Without a doubt, if Super Pinball II felt like nothing more than an improvement of the original game's concept (again, debatable ball physics aside), then Last Gladiators is a true evolution of what the original development team started with. While the tables themselves are back to being relatively simple & similar in conceptual design, much like the original Super Pinball, the Nakagata/Kobayashi crew obviously learned from their initial game. Each table, though relying solely on bumpers, ramps, rail lanes, etc., has its own feel & flow to it, and each has a specific central focal point, whether it's Gladiators' giant Colosseum, Dragon Showdown's giant ramps in the back, or Knight of the Roses' various rails. The pace has also been sped up immensely, resulting in extremely fast gameplay that prioritizes activating special gameplay rounds in rapid succession, lighting up "Extra Ball" to help make gameplay last longer, & multiball (that now goes as high as six balls) to earn giant scores by hitting Jackpots. Not just that, but the objective-based gameplay helps gives the tables here a real feeling of advancement, and each table even gives you the ability to instantly light up a new round upon launching a new ball. This also allows the player to reach a Wizard Mode upon beating every round on a table, which you couldn't do at all in either Super Pinball game. The ball physics are also improved even more so than before, to the point where it truly feels almost like a real pinball is bouncing around those digital tables. Finally, the music by Takahama & Naoto Shibata is hardcore rock at its finest; this soundtrack truly feels like something you'd want to hear on an actual pinball table.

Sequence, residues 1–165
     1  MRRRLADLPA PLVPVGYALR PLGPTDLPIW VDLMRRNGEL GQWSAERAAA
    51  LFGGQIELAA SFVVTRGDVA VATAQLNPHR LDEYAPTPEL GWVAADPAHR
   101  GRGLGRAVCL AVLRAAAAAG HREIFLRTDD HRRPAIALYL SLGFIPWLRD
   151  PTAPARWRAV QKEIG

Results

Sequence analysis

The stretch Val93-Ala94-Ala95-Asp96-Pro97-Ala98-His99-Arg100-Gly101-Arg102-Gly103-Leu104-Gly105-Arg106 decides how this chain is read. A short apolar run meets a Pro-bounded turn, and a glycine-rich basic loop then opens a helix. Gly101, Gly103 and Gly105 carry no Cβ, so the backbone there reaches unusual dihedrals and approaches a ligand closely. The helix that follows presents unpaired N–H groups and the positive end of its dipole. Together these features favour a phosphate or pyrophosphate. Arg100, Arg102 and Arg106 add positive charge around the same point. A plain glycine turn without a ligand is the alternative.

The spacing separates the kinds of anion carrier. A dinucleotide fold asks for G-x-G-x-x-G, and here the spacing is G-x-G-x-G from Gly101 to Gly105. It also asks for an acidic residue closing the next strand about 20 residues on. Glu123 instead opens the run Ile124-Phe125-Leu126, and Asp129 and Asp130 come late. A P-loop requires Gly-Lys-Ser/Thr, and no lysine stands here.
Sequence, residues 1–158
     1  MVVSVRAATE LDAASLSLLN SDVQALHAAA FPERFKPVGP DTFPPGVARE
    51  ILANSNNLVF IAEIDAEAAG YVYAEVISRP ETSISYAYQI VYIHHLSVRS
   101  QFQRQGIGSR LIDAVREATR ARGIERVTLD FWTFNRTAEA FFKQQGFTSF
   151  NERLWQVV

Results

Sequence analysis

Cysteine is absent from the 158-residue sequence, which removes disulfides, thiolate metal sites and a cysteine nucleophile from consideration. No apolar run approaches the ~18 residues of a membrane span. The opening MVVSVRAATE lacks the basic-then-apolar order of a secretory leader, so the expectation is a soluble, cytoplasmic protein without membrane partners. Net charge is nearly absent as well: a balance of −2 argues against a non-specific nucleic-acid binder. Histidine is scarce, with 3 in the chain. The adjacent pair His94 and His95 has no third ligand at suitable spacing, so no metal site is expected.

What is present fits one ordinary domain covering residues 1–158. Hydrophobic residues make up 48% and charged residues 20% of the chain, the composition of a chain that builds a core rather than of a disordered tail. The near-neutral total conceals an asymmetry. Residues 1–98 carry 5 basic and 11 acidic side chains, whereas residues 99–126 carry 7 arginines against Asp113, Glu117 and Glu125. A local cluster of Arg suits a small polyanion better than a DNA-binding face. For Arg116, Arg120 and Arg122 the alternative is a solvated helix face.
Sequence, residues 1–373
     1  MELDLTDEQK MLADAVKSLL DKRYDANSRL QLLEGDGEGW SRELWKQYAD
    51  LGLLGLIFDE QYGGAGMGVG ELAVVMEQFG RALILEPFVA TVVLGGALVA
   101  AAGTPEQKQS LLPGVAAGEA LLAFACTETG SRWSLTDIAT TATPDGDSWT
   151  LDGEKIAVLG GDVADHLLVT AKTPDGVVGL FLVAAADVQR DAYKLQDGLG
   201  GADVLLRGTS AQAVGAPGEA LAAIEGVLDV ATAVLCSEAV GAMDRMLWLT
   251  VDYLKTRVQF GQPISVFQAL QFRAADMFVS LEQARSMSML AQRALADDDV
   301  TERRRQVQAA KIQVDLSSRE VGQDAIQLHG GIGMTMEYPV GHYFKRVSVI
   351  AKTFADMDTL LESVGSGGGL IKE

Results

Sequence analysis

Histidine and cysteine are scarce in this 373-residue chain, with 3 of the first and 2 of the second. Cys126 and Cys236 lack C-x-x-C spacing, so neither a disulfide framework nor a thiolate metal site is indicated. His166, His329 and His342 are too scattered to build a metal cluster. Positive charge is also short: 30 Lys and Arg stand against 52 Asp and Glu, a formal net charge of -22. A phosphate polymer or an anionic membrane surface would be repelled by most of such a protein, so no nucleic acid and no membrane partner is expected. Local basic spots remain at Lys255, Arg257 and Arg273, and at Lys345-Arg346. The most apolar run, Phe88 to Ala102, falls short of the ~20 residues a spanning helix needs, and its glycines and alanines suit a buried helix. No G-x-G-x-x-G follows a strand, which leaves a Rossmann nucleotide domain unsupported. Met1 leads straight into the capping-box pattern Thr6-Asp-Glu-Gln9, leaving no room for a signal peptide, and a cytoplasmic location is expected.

All that being said, though, Last Gladiators isn't 100% perfect. Of the four main tables, only Gladiators truly feels properly balanced & fine-tuned, as every other table has a bad habit of being able to knock your ball into either the center drain or an outlane, with you having little to no ability to stop it from happening. Now, yes, you can bump the table to help mitigate that, but not everyone is used to bumping the table well (not to mention you can only bump left or right), and I don't think a table should require the player to bump in order to simply play it to any extent; it's a more advanced technique, but it should never feel mandatory. Also, while the ball physics are exquisite, it's not uncommon to get the ball stuck here & there; usually a bump will free it, but sometimes it gets really stuck for a while. While there were initial plans for the game to see international release under the name "Fantasy Pinball" by U.S. Gold, as indicated by this issue of EGM (page 196), it did see European release by Sega the same year as Japan, simply titled Digital Pinball, while Time Warner Interactive would handle North American duties in 1996 using the original full title. While the Super Pinball games are no doubt impressive for their time, Digital Pinball: Last Gladiators remains impressive to this very day, and still holds up extremely well, even against the likes of Zen Pinball & The Pinball Arcade... But to some, it's only second best when it comes to KAZe's pinball output.